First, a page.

PERU – It’s been 82 years since the notorious gangster John Dillinger brazenly robbed the Peru Police Department and stole a Colt Thompson submachine gun.
Now, Peru officials hope to finally get the gun back.
Josh Sigler, the assistant to Peru Mayor Gabe Greer, said new documentation proves that the gun was confiscated by the Tucson Police Department when they arrested Dillinger there in 1934.
But the stolen firearm, commonly known as a Tommy gun, was never returned to Peru. Instead, it was kept by the Tucson Police Department, where it’s now on display in the police station lobby, he said.
Peru officials hope that it won’t be there much longer.
On Wednesday, City Attorney Pat Roberts sent a letter to the Tucson police chief officially asking the department to return the gun to Peru.
The formal request came after the city received an unexpected phone call last week from a museum curator in Ohio.
The call came from Tracie Hill, the gun curator at The Works Ohio Center for History, Art and Technology, and the author of “The Ultimate Thompson Book,” which details the history of the famous gun company.
Hill told officials that he had the original purchase request and shipping receipt showing that Peru purchased two Tommy guns in 1929. He also had a copy of a document published by the FBI in 1936 listing all the Colt Thompson machine guns that had been sold in Indiana between 1928 and 1934. The document listed two guns purchased by Peru, along with their serial numbers.
“We were incredibly lucky to get these," Sigler said.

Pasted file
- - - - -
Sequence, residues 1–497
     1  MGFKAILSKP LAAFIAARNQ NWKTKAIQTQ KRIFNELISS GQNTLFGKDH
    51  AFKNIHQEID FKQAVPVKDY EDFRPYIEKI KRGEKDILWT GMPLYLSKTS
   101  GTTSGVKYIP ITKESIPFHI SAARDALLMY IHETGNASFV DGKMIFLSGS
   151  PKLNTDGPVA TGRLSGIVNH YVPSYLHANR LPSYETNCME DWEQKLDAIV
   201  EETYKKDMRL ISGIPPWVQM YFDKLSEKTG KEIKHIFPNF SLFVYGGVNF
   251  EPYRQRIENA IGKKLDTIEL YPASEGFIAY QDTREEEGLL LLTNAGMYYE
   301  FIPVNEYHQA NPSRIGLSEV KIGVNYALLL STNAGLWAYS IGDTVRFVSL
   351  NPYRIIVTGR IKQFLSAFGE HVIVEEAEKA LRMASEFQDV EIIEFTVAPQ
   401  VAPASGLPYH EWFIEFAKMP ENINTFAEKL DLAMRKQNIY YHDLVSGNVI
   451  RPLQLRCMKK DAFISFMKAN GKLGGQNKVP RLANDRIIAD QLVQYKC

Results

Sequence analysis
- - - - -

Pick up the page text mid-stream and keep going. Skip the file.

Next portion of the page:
He said Hill learned about the city’s efforts to get the gun back after a story published in The Kokomo Tribune reporting on the tussle between Peru and Tucson gained national attention.
Sigler has researched the Dillinger robbery and the stolen Tommy gun since February, during which time he became convinced the gun ended up in Tucson and was never returned.
The proof? He said it was the serial number on the gun, which is 5878. According to a notice issued by the Peru police chief after the robbery, that was the serial number on the weapon stolen by Dillinger.
Sigler said he found a picture of the gun on display in Tucson, and the serial number is listed on the stock is 5878.
That was confirmed by research completed by Gordon Herigstad, who published a book called “Colt Thompson Submachine Gun Serial Numbers & Histories.” The book details the narrative of every submachine gun that was ever manufactured outside of wartime production – all 15,000 of them.
The FBI document is the third and most undeniable confirmation of the guns’ serial number.
The documentation provided by Hill last week was the final piece of the puzzle proving that the Tommy gun belongs to Peru, Sigler said.
“This is unequivocal proof that gun is ours – bought and paid for – and we never intended it to leave our city,” he said. “I think we’ve proved beyond any doubt that gun belongs in Peru.”
Dillinger and his gang robbed the police station in October 1933. They stole the Tommy gun, along with other weapons and police equipment, and then used it to hold up the First National Bank of East Chicago on Jan. 15, 1934, according to Herigstad’s book. The gun was captured with Dillinger in Tucson on Jan. 25, 1934.
City Attorney Roberts said the city has now gained enough documentation to make a solid case that the gun belongs to Peru.
“I don’t see how they’re in a position to deny this,” Roberts said. “This issue has been on the table and now it’s been pushed under the table for a long time. It’s time to bring this out in the open and get the gun back.”
The request letter sent Wednesday says in part “Our City Administration and community wants the Thompson returned to its legal owner,” and includes copies of all the documentation defending the city’s claim.
And if Tucson doesn’t cooperate? Roberts said the city will respond in kind.
“Depending on what their reply is will determine how tough we will get,” he said.